March means two things in Ontario: maple syrup and red clover.
The weather is working okay for the early spring field work to begin in some areas, but maple syrup season is being interrupted by too-warm temps. That said, the warmer weather has many asking about red clover, early nitrogen, and more, on this week’s Wheat Pete’s Word!
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- Lloyd Ball, this one is for you. You will be missed.
- Take the time for your family; they won’t be here forever
- Red clover going on wheat, ya baby!
- Maple syrup needs some frosty nights, as much as we love some warmer days
- Air reel under the combine when harvesting wheat. What?! Well, well, well, this is something fun
- First year soybeans have some challenges, the specific species of rhizobium inoculant isn’t there
- Second year soybeans might be better, re: inoculant; but suffer in other ways
- Why not go soy, wheat/red clover, soy, corn?
- A little tillage after the soybean harvest, before the winter wheat goes in, suggests better red clover catch (though not seen in trials)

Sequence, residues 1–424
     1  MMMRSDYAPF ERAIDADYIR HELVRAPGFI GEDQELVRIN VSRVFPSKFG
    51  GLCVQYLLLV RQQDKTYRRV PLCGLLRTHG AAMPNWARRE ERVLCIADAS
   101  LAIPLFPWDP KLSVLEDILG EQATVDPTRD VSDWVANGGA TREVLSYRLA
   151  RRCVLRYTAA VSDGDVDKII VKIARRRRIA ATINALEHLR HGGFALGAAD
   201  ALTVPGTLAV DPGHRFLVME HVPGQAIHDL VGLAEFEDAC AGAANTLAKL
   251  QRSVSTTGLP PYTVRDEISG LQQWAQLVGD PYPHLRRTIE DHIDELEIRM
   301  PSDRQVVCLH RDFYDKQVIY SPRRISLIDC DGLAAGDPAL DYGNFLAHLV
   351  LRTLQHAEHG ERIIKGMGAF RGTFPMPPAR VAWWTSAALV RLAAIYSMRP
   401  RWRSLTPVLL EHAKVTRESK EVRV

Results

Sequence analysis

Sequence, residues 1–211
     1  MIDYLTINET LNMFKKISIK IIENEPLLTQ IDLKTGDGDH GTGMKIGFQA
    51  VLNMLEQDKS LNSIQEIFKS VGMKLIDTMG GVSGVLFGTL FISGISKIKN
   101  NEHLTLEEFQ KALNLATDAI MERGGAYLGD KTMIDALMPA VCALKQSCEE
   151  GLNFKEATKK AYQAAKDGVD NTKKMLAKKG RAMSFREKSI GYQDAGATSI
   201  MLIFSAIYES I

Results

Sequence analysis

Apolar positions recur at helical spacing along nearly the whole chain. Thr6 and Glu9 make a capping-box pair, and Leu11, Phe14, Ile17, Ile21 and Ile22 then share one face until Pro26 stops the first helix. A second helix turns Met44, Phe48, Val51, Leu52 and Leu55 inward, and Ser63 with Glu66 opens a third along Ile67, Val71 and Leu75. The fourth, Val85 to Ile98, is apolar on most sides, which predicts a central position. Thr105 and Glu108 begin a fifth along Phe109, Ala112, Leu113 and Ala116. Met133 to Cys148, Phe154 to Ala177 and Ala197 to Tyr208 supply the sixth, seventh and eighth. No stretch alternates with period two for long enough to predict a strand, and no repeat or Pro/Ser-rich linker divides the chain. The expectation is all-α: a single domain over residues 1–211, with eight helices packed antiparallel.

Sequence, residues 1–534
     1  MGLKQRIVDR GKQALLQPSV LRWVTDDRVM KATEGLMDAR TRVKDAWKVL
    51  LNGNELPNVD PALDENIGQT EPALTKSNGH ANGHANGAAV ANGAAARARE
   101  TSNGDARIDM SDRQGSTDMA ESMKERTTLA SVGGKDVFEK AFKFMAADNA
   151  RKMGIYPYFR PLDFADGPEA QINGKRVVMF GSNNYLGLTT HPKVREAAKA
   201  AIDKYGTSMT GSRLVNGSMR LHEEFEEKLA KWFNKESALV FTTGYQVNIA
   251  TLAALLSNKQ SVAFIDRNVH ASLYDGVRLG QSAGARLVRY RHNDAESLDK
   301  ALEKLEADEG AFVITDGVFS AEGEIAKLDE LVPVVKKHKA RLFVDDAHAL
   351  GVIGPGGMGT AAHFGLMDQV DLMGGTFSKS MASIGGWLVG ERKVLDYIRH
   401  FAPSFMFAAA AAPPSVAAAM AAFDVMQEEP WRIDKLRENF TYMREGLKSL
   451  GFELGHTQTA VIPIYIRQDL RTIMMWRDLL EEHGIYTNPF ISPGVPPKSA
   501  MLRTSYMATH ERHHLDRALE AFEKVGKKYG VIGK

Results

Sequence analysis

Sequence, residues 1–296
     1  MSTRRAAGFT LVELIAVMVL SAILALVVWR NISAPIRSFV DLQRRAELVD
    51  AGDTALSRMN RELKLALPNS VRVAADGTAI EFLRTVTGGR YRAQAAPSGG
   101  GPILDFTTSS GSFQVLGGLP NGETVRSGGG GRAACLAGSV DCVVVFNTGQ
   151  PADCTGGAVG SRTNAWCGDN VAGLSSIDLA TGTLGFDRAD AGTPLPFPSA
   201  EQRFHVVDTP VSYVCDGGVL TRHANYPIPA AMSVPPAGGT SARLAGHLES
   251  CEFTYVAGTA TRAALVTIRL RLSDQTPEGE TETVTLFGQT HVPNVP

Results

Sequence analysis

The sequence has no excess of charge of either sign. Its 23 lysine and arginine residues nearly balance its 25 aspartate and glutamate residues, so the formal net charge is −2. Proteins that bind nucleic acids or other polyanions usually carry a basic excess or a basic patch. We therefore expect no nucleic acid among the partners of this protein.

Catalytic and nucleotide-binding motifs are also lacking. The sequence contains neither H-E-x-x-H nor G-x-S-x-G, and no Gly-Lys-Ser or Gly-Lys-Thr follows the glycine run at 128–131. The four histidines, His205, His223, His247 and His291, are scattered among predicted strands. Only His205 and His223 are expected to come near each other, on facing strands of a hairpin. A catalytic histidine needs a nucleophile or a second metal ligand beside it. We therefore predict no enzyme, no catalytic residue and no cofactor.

- Spring things for better red clover catch? Split your N! Too much up front is hurting the clover. Do your fall weed control to avoid spring herbicide application
- No red clover, because of double cropping beans. What about crimson clover?
- Hairy vetch could be a consideration
- Forage oats…red clover can outcompete the oats!
- Is it too early for oats and alfalfa? Get the oats on, but whoa whoa whoa on the alfalfa (past unifoliate stage they are very susceptible to frost damage)
- There’s always a risk!
- N before winter wheat before it greens up does not add yield. Full stop
- What about early sulphur? Not prone to the same losses as N